Whether it is your physical or financial wellbeing, or the health of one’s parents or children, we cannot afford to let healthcare fall into the partisan divide.
Below you will find no nonsense answers to the vital questions regarding health reform.
• When do I need to enroll? March 31, 2014 is the last day of open enrollment.
• How do I apply for healthcare? You can enroll at or call 1-800-318-2596.
• Who can apply at You can apply at if your employer does not offer a health insurance option, you are self-employed, or you are currently unemployed.
• If I go to am I obligated to buy insurance? No, there is no obligation, you can simply go there and get a quote without having to buy.
• Isn’t only for the poor? Not at all. The healthcare law provides subsidized premiums for households making up to 400% of the poverty level. For a family of four that’s an income of $94,200 a year.
Hopefully I have taken the issue of healthcare out of the murky realm of half-truths and myths which has surrounded the topic.
I encourage you to share this new information with whomever you think would benefit from it.
Our surrounding rural areas contain many farming families and small business owners who have been without access to healthcare for decades.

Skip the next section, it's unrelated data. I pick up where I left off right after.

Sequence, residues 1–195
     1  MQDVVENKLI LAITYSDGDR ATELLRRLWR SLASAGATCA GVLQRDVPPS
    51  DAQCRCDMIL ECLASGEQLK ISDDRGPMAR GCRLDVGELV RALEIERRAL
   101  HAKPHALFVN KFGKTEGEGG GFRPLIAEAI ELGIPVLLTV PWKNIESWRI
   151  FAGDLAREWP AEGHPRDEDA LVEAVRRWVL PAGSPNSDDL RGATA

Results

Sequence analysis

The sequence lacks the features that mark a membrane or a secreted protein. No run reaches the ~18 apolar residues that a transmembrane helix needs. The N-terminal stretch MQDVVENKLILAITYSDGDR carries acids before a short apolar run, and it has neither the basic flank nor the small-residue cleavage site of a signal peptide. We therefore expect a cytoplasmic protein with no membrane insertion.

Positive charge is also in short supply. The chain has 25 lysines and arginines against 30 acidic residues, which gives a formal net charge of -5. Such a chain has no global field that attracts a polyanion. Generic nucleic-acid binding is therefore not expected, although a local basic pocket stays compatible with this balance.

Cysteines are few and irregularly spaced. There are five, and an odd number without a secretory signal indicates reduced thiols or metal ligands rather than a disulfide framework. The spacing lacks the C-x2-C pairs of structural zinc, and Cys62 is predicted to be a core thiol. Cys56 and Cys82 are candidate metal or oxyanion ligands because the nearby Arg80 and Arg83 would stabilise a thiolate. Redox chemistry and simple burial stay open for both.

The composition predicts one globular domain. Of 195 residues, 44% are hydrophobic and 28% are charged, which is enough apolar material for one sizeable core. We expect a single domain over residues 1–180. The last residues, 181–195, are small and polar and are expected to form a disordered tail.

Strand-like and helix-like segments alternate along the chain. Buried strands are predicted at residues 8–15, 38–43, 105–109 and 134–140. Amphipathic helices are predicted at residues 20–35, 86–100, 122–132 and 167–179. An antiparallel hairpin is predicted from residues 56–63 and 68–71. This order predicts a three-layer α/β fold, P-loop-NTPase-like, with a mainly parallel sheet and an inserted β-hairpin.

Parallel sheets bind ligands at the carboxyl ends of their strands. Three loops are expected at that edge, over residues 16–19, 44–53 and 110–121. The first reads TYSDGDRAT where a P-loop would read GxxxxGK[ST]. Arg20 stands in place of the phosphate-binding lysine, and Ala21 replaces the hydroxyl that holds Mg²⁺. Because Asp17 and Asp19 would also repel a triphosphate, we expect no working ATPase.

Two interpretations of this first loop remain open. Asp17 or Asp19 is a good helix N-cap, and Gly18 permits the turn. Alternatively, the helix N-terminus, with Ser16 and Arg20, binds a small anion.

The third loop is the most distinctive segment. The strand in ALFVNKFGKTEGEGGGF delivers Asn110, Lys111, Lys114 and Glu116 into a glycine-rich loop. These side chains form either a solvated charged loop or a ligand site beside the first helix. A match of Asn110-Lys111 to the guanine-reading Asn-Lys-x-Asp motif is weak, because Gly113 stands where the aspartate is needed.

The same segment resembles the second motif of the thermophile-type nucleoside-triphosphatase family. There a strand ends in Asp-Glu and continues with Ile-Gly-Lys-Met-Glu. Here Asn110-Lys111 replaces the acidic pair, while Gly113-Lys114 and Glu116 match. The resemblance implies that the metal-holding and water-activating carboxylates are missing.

Get covered, the life you save may be your own.

Del James Blessinger Award deadline approaches

Faculty excellence get’s acknowledged

Kimberley Dunkin
Staff Writer

Do you know a professor who deserves to be acknowledged for what they do? The Del James Blessinger Award is the perfect opportunity to do so.
This year is the 90th annual commencement ceremony where the recipient of The Del James Blessinger Award will be honored.
SC4 students, staff, faculty, and administrators can submit nominations for the award. With the deadline coming up quick on Feb. 28, if you have someone in mind to nominate now is the time to do so.